Wednesday, March 18, 2020

Design your own perfect pockets, lined !



I have started working on a vest, View D, from the same pattern I just used for my linen jacket, New Look 6397. The hi/lo hem version I am making does not sport any pockets and I definitely wanted them. Even if they did, I wanted a traditional patch pocket with a curved bottom so it was time to make my own.  I got my design tools out and here is how I went about it. 

First I found some graph paper and measured out the proposed size of the pocket, no seam allowances. I added at the top an inch and a quarter extra for a hem band that would be turned to the inside. Its top edge would be meeting the lining with a seam.  I cut it out and used a bottle to get a nice curve on the two bottom corners. I folded the paper in half lining up the squares to get it perfectly even.  I cut it out while folded so that everything was perfectly symmetrical. I then  took double stick tape and glued the graph paper pattern to some oak tag to make a permanent template. You will need this thickness for this process so don't skip the oak tag. 

Next, pin two squares of fashion fabric, right sides together. Make sure your grains are the same and the pattern mirrors and or matches as needed. You can see my fabric has a distinct diagonal pattern. I made sure it matched the bodice of the garment before going any further. You will need squares large enough to add seam allowances. Pin them on the outside edges.

Take your template and apply double stick tape to the back. Place it on grain on your squares and press down in place. Let's go to the machine. 


If you have an edge stitching foot, it really helps here.  Set your machine at a basting stitch. I used 4.0. Starting at the top, sew all around your template right at the edge of the oaktag. Do not sew across the top of the pocket. When done take out your pins, pull off your template, and you will have this.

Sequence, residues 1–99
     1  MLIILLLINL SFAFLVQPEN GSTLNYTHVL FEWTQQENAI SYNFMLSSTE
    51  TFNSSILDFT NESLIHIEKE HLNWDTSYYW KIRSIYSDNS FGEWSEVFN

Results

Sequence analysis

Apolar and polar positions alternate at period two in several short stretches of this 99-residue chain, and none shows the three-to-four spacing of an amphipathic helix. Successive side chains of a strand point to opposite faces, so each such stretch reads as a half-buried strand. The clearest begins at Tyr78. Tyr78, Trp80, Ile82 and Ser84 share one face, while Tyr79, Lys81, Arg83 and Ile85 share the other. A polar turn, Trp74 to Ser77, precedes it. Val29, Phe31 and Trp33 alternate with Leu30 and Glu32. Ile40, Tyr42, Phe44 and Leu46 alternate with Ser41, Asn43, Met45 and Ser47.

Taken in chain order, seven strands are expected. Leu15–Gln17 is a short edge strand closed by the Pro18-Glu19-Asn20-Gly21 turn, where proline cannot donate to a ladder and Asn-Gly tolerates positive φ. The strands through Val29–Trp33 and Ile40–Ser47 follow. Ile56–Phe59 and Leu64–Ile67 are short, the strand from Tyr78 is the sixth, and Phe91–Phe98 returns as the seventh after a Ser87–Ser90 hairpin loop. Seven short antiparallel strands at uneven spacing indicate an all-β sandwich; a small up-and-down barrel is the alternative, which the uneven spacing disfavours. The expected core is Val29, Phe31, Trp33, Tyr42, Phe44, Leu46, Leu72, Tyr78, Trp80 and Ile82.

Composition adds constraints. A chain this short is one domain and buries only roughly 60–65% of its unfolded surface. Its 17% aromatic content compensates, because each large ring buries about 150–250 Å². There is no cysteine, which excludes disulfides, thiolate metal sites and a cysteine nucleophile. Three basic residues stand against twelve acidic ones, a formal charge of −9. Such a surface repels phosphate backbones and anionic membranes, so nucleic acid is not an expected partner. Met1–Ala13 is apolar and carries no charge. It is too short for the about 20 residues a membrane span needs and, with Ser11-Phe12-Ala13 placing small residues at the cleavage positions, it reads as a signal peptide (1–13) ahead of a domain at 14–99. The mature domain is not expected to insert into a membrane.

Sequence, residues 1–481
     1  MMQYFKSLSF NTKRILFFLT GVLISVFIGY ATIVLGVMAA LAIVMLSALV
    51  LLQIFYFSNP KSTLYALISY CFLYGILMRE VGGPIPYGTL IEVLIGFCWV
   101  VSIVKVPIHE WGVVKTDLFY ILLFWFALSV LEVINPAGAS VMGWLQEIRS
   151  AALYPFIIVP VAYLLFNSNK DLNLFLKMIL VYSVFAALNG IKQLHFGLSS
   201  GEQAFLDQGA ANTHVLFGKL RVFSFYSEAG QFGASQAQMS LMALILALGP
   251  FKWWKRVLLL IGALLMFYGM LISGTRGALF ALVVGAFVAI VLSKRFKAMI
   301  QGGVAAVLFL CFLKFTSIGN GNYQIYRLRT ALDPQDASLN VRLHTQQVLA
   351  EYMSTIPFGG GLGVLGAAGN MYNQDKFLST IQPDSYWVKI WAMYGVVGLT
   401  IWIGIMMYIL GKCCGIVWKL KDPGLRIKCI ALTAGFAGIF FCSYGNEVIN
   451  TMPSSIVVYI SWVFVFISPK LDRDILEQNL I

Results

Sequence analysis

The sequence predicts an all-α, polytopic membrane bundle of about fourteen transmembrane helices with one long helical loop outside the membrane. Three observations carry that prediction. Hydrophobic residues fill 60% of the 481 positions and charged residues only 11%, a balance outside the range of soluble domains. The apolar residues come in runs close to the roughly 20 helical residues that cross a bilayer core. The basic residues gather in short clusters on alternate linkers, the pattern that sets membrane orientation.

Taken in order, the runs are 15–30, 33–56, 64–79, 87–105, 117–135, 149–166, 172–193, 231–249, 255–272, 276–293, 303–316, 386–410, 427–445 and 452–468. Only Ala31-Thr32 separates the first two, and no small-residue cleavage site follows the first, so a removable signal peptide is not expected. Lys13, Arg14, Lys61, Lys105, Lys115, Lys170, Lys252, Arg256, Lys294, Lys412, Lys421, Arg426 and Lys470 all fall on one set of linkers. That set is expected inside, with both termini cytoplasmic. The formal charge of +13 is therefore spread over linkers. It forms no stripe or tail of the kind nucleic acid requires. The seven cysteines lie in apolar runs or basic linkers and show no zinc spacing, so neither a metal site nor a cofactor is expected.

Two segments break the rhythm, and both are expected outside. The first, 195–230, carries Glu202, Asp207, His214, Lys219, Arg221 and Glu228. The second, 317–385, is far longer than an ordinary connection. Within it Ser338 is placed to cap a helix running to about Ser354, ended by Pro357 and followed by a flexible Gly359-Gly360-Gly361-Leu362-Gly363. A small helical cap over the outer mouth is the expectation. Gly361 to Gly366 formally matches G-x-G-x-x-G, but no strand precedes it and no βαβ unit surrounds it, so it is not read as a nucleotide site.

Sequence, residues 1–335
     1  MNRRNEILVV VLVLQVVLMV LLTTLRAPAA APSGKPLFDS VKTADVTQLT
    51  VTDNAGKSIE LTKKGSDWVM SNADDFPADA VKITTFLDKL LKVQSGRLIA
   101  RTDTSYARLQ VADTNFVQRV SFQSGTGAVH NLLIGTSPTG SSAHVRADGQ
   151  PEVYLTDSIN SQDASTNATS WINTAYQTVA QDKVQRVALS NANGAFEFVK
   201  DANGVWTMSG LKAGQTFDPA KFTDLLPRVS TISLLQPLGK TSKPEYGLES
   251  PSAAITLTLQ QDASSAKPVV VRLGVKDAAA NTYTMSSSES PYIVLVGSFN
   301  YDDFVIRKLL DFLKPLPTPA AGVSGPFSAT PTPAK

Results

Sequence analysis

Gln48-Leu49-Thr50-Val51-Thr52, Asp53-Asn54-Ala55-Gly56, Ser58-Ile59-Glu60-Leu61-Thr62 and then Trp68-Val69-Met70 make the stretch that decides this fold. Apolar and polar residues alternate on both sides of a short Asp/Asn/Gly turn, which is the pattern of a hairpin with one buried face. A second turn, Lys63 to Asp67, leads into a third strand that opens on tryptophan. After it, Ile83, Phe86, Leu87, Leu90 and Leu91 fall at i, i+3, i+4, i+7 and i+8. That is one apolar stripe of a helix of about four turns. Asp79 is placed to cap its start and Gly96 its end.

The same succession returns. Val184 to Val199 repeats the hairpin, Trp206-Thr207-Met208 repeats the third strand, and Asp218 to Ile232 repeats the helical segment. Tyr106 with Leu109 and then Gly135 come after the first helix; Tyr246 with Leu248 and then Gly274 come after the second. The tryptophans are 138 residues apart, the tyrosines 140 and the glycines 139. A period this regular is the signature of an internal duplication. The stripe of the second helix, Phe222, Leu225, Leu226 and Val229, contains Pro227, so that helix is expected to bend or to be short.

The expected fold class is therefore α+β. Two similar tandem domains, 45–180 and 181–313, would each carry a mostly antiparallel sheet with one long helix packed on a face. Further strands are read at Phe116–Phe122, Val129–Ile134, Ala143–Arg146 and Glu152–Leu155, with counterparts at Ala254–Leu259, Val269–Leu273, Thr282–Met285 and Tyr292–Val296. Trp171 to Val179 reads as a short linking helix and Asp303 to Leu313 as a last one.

I know, you are thinking, "is she lining the pocket with more wool?" No, just trust me here. 


Next you will trim the excess to a 5/8ths seam allowance and notch your curves. Press the seams open.  


Now you will turn your pocket right side out and give it a good solid press on all those seams.  Leave it to totally cool and dry.  Seems like you pressed it more than needed, right? Once again, trust me. 


 When it is cool and dry, reach inside and give a snip to your stitching. pull out the basting and separate into two pockets. Press again lightly. Camera angle makes these look uneven. They are not. 



Add a strip of interfacing to your top hem band, fold it over and steam the hem  into place.  


We are now ready to go into the lining. Top stitch your pocket at this point also. It can be done later as well but I did mine now a quarter inch away, as it was unraveling so quickly. 

This is an interesting method I learned from a Nancy Zieman program years ago. Thank you, Nancy, once again, for all you've taught me.  It is a bit counter intuitive but easy and a great tool for  your sewing tool chest. 



Cut out two blocks of lining fabric, about a half inch all around larger than your pockets. They can be short on the bottom because what you see above is pinned to the hem band edge and that will be coming down and inch and a quarter. They must be larger. Stitch them across at the hem band with a 1/4 inch seam allowance STARTING IN  A 1/4 INCH AND ENDING A 1/4 INCH from the end of the pockets, not the lining.  Do not sew this seam from the edge or end it at the edge of the pocket, very important.